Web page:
UN envoy to Libya Bernardino Leon late Thursday proposed a national unity government for the divided nation after months of negotiations.
The country has descended into violence since the ousting of longtime dictator Moamer Gaddafi in 2011. It is currently torn between two rival administrations: the Islamist-backed General National Congress based in the capital Tripoli, and an internationally recognised government based in Tobruk in the east.
"This, if supported by all Libyans, will be the best government in the world," Leon said. "If it is not supported, no matter how good they are, it's not going to work," he added.
The plan came following months of on-and-off negotiations between the rival factions in Morocco.
Leon said the new prime minister would be Fayez Sarraj. Sarraj, from the Tobruk-based House of Representatives, is 55 years old and an architect by training, local media reported.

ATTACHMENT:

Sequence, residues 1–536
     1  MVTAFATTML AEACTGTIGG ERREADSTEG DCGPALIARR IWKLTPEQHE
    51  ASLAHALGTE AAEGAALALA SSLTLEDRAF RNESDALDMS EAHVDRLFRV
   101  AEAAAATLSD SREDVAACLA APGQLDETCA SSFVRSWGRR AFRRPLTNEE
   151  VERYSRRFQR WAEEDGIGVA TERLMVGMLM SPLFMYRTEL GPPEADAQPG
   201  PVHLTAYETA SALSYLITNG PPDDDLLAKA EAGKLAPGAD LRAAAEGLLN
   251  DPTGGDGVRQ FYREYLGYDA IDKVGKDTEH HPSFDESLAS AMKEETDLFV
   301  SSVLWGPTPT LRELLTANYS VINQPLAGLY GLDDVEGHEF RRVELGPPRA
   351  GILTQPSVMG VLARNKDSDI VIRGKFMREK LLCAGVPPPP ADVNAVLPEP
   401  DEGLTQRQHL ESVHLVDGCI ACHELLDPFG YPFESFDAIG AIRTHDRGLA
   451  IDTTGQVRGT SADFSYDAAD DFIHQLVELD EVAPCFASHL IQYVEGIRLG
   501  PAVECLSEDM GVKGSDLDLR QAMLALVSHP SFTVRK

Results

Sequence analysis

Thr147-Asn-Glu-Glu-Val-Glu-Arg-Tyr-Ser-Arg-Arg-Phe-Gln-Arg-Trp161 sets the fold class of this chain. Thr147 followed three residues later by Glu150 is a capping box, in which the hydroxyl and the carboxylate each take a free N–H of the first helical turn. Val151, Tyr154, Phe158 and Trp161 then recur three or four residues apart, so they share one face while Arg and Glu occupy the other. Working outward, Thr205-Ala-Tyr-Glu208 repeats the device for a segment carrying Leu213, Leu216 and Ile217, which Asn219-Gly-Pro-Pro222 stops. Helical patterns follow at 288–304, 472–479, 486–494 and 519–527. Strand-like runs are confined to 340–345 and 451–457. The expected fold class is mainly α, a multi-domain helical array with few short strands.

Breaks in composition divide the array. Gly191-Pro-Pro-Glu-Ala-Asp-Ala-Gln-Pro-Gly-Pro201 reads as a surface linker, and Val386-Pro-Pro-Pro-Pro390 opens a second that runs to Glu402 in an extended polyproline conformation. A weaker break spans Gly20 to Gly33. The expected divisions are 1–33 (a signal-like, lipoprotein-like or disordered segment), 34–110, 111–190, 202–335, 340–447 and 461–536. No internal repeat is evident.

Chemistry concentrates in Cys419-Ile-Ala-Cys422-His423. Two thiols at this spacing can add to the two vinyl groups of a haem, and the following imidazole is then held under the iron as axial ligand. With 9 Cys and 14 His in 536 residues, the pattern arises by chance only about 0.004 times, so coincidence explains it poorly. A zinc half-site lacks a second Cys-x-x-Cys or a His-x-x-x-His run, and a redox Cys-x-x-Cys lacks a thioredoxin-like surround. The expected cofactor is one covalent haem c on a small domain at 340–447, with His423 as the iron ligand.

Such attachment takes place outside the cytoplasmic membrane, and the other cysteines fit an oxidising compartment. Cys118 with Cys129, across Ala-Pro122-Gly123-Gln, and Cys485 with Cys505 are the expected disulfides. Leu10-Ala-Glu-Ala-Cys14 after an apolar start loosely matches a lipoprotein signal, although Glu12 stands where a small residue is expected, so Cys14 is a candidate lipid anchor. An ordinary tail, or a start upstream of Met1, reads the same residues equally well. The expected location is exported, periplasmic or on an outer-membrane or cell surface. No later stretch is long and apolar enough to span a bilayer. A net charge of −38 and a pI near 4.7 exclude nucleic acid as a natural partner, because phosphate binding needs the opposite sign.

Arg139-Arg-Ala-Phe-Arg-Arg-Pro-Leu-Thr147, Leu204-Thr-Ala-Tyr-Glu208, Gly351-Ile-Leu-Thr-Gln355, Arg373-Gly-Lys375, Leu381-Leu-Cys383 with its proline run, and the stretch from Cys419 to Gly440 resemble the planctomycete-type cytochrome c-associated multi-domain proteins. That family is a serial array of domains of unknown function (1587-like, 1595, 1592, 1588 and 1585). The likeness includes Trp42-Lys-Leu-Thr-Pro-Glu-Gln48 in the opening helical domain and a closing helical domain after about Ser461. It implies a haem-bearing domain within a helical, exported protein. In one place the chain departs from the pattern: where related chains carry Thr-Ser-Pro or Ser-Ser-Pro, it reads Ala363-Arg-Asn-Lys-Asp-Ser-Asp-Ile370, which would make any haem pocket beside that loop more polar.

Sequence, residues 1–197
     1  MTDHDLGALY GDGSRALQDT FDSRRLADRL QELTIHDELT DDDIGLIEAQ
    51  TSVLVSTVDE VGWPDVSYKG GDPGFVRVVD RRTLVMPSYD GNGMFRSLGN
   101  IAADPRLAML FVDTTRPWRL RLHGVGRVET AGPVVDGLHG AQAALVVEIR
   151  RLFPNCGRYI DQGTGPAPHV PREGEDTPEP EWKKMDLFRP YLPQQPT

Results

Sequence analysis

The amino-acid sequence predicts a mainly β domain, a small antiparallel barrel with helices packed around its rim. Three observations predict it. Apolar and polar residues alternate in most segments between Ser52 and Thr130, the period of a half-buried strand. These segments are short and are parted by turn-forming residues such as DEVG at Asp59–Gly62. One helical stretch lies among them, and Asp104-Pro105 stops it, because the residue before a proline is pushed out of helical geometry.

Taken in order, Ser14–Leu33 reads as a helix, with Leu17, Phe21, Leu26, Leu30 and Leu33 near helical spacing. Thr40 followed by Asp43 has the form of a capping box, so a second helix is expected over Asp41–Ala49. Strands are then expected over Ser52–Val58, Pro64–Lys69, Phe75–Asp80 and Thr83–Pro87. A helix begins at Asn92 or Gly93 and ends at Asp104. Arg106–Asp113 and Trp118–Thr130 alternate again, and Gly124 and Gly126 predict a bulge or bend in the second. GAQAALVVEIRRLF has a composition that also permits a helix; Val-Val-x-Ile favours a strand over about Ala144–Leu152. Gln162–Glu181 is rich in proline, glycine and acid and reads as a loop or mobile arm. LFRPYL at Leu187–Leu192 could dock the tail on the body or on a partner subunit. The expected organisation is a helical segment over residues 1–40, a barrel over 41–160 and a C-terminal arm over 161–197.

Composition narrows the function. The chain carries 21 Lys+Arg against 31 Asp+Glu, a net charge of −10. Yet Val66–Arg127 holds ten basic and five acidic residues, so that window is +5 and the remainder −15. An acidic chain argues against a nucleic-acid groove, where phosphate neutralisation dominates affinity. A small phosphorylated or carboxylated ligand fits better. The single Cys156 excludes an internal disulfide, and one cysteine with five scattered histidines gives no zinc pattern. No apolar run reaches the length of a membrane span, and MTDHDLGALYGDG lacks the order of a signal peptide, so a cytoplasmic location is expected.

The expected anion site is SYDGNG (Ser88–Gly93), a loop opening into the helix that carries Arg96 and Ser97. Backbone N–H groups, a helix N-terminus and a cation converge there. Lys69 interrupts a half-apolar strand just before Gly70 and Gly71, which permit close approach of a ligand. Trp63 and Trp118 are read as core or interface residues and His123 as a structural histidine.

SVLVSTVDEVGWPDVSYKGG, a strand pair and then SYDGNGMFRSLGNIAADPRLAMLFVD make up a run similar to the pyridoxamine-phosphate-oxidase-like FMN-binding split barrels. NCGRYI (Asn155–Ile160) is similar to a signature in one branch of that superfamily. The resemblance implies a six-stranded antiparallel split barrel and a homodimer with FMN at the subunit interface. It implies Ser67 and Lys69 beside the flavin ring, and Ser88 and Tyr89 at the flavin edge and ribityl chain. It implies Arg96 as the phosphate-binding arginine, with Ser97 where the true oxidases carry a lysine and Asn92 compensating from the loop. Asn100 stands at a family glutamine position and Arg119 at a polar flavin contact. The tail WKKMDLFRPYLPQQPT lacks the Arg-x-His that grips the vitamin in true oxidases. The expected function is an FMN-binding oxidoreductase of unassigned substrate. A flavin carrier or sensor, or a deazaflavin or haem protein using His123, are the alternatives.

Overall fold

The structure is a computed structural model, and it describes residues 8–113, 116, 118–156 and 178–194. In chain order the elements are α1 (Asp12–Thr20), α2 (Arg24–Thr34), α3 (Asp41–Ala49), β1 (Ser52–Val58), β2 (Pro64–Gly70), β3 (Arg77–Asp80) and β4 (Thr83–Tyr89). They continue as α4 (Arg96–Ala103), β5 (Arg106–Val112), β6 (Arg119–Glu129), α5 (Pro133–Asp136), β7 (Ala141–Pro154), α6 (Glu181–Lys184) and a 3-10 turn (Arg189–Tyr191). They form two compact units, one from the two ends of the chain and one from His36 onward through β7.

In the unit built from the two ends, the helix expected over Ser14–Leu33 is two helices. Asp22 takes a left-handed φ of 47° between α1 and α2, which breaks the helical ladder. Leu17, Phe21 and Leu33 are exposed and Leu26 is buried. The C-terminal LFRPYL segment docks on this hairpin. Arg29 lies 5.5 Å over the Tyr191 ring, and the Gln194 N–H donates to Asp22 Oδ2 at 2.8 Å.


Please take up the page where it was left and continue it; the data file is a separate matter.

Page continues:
UN Secretary-General Ban Ki-moon welcomed the peace deal.
"After months of turmoil and uncertainty, the secretary-general urges Libyan leaders not to squander this opportunity," his spokesman said in a statement.
A former prime minister, Ahmed Maiteeq, was named as one of Sarraj's deputies.
The original peace plan was changed to include not five but six people on a new presidential council headed by Sarraj, according to the English-language Libya Herald.
"All of them will work as a team," Leon said.
The international community would provide "their utmost support" for the new government, he said.
The deal must pass a vote in the rival parliaments to go ahead.
Leon had previously said that an agreement on the government should be reached before October 20, marking the end of the Tobruk parliament's mandate.
However, on Monday, the Tobruk parliament voted to extend its mandate beyond that date, saying it feared a power vacuum in the country.
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